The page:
“… whereas many evil disposed persons Inhabitants of this Colony
contrary to their duty and Allegiance on the first day of May in the
34th [year] of the King’s Reign and since tumultuously and
Mutinously assembled and gathered together Combining and
presuming to reform this Government by cutting up Tobacco plants
and to perpetrate the same in a traiterous and rebellious Manner
with force and Arms entred many plantations resolving by open
force a General and Total destructions of all Tobacco plants to the
hazarding the Subversion of the whole Government and the Ruin and
destruction of his Majesty’s good Subjects if they had not been timely
suppressed for which Treasons and Rebellions against his Majesty
and this Government some Notorious Actors had been Indicted
Convicted and Condemned and Suffered such pain and punishment
they deserved for their Treason and Rebellion and for as much as
many people had been seduced from their Allegiance by the Specious
tho’ false pretences of the designers and Contrivers of those Crimes
Misdeeds Treasons and Rebellions…[sic]”
-Proclamation of Lord Thomas Culpeper, May 22nd, 1682
During the first weeks of May of 1682, disgruntled planters began destroying their
own, and then their neighbors’, tobacco plants in Gloucester County and neighboring New
Kent County. While on its face this seems ludicrous, it was an effort to raise the price of the cash crop and ultimately affected at least four counties (Gloucester, New Kent, Middlesex, and “Old Rappahannock,” or present-day Essex and Richmond Counties). The so-called Plant-Cutter Riots saw over half of the in-ground tobacco destroyed in Gloucester County alone1, where the uprising allegedly began. So grievous were the actions of the nearly 20 ‘plant-cutters’ that were eventually identified and tried in court that two were executed by hanging, an example to future would-be rebels. My name is Brian Riley and my recent fellowship with the Fairfield Foundation allowed me to fully research this little-known aspect of 17th-century Virginia history and pursue a theory that there is some connection between this event and Fairfield Plantation.
Surviving colonial records are lamentably mute on the involvement of Lewis Burwell II, Fairfield’s owner in 1682. Gloucester County records that may have contained such information were likely destroyed in major fires that destroyed the clerk’s office (1820) or the records in general (1865). But we find his stepfather, Philip Ludwell I, at the center of the colonial government’s response to the Plant-Cutter Riots. Sitting on the Council in 1682, Ludwell’s role in the colony’s response to the ‘plant-cutters’ is the strongest connection between Fairfield and these events.
After marrying Lewis Burwell II’s mother, Lucy Higginson in 1667, Ludwell resided at Fairfield until her death in 1675. In lieu of the fact that his two children by Lucy Higginson Burwell Bernard Ludwell, Joanna and Philip II, were born at Fairfield (usually referred to as ‘Carter’s Creek’) it seems that Ludwell treated Fairfield as a homestead rather than just another plantation to maintain and operate. Ludwell also likely played an important role in Lewis Burwell II’s upbringing as he was just a few years older than his new stepson (Lucy was quite a bit older than her new husband). A powerful and loyal councilor, Ludwell had been instrumental in the colony’s response to Bacon’s Rebellion in 1676. Despite the paucity of colonial records, two sources, the Executive Journals of the Council of Colonial Virginia and the Calendar of State Papers prove invaluable to the study of the events of 1682 and Ludwell’s role in them. In the Executive Journals we find a record of Ludwell’s attendance (he never missed a meeting of the Council the entire year) and the progression of the colonial government’s handling of the Plant-Cutter Riots. The Calendar of State Papers offers supplemental documents relating to the proclamations of the Council as well as from King Charles II himself. Together, these two sources lend more than ample evidence of Ludwell’s role in the colonial government’s swift response to the events of 1682.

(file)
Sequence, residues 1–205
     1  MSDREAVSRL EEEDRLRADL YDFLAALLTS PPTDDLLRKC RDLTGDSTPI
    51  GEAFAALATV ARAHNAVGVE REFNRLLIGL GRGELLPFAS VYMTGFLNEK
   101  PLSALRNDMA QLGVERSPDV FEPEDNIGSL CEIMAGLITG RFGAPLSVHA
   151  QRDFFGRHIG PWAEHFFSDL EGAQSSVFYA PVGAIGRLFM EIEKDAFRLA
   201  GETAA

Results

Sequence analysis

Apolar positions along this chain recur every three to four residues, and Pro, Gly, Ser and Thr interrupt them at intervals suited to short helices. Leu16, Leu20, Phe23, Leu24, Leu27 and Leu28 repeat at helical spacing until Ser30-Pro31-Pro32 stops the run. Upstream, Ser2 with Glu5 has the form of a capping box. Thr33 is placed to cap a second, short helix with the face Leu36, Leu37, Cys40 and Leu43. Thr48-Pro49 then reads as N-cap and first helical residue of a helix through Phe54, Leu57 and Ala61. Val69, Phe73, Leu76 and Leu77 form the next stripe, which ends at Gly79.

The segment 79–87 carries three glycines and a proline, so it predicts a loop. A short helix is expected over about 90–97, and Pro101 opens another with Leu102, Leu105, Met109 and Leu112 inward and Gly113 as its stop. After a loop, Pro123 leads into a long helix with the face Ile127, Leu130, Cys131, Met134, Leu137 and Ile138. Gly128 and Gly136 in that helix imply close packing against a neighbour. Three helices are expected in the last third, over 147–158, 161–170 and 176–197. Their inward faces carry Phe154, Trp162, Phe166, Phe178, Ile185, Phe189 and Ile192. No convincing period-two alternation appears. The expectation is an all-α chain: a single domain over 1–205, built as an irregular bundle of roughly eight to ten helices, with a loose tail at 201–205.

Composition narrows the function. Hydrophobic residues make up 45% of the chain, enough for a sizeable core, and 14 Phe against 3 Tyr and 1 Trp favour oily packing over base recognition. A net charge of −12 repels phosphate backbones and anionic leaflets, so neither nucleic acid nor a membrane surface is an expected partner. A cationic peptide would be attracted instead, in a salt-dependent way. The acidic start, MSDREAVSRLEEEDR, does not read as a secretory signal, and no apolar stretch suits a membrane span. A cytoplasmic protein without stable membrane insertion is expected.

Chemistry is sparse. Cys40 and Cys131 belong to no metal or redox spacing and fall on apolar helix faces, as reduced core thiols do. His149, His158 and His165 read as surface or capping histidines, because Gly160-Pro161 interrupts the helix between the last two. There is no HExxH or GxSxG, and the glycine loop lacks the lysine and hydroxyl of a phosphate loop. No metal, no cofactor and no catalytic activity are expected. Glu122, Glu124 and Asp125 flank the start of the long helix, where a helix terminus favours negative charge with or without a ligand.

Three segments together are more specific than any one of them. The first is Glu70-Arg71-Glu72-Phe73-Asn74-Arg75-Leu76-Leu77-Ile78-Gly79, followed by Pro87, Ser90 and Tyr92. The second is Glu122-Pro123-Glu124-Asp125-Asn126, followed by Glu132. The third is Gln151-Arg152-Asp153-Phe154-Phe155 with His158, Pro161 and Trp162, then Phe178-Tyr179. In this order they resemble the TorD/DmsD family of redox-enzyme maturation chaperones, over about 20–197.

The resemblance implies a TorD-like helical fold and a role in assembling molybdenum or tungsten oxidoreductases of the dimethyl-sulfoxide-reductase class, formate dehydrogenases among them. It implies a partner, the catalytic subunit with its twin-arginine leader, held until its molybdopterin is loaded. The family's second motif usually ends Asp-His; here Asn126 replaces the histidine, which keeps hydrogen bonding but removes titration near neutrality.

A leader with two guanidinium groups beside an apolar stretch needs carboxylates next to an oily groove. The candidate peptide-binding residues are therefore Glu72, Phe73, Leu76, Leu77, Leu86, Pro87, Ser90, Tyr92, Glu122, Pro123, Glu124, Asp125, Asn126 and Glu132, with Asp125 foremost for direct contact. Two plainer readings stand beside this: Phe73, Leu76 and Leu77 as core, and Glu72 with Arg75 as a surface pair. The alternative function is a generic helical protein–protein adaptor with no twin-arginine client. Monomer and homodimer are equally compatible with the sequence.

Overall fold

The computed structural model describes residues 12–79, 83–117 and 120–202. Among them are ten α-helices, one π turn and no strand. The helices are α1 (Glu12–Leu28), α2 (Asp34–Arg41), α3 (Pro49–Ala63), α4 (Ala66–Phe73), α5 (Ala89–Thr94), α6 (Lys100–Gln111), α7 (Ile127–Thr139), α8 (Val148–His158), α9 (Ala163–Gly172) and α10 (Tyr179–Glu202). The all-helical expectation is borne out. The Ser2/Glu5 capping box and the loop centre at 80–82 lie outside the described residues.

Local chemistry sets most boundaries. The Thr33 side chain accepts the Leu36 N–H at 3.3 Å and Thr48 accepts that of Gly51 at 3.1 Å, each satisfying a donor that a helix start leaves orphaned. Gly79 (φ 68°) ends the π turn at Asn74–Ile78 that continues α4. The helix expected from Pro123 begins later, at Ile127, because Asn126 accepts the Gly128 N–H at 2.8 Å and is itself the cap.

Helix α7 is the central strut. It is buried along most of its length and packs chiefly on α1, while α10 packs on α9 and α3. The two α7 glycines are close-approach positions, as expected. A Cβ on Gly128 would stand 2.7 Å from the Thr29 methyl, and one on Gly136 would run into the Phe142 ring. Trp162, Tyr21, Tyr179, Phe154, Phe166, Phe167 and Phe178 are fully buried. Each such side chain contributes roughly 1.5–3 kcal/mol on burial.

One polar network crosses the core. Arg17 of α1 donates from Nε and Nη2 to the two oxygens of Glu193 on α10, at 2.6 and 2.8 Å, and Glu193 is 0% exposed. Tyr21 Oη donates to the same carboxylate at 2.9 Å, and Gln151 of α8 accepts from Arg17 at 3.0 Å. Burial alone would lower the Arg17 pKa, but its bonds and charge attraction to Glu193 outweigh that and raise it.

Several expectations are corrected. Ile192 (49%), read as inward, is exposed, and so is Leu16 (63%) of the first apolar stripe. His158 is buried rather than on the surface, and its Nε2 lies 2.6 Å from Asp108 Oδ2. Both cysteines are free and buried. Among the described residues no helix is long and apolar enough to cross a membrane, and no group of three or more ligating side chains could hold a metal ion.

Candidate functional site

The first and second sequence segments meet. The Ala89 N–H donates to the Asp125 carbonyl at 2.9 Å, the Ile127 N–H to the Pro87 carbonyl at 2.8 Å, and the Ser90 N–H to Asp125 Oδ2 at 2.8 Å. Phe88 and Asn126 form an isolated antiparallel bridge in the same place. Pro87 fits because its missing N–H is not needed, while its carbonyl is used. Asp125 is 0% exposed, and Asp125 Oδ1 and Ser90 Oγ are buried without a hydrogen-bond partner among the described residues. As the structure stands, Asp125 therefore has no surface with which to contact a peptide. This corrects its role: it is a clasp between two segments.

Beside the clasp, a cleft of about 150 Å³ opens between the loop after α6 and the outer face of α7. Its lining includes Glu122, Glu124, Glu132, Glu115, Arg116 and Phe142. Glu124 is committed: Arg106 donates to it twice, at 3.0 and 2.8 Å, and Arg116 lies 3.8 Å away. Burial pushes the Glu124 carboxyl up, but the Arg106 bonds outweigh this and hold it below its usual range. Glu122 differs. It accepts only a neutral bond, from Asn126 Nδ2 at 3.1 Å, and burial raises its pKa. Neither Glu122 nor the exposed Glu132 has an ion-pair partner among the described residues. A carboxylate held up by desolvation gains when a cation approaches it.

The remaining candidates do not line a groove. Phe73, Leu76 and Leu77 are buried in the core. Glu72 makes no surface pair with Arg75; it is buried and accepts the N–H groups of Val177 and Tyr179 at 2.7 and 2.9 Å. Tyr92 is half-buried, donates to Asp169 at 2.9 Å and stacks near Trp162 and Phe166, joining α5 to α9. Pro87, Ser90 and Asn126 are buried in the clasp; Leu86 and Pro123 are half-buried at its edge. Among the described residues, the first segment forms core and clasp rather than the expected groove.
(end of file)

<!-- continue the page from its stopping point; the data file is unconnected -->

Though present for every meeting of the Council after May 3rd, Philip Ludwell is not mentioned in direct connection with the suppression of the Plant-Cutter Riots until September 30, 1682. At that meeting, Ludwell is included among fellow councilors Nathaniel Bacon (the elder) (Lewis Burwell II’s extremely wealthy uncle-in-law), William Cole, and John Page concerning the arrest warrants for ‘plant-cutters’ Somerset Davis, Zuperan Burwell (no known relation), Robert Alcock, John Oakes, and John Cockin. Upon their capture and delivery to the “Sherrife of York County”, these four councilors are noted as being “hereby impowered & desired to doe and Act therein, as they think necessary [sic]” after being ‘acquainted’ of their incarceration. In this example we see Ludwell transcend his perfunctory role as mere member of the Council to an agent in the suppression and prosecution of the ‘plant-cutters’.
On January 11, 1683 we find Ludwell again in the Executive Journals with a role beyond being merely counted present at the Council. In this meeting Lord Thomas Culpeper asks the councilors for “an account of ye Government, since my departure out it in August 1680, particularly as to ye…calling ye Assembly last Aprill and ye occasions rise, growth and Progresse of ye late Insurrections and Commotions about Tobacco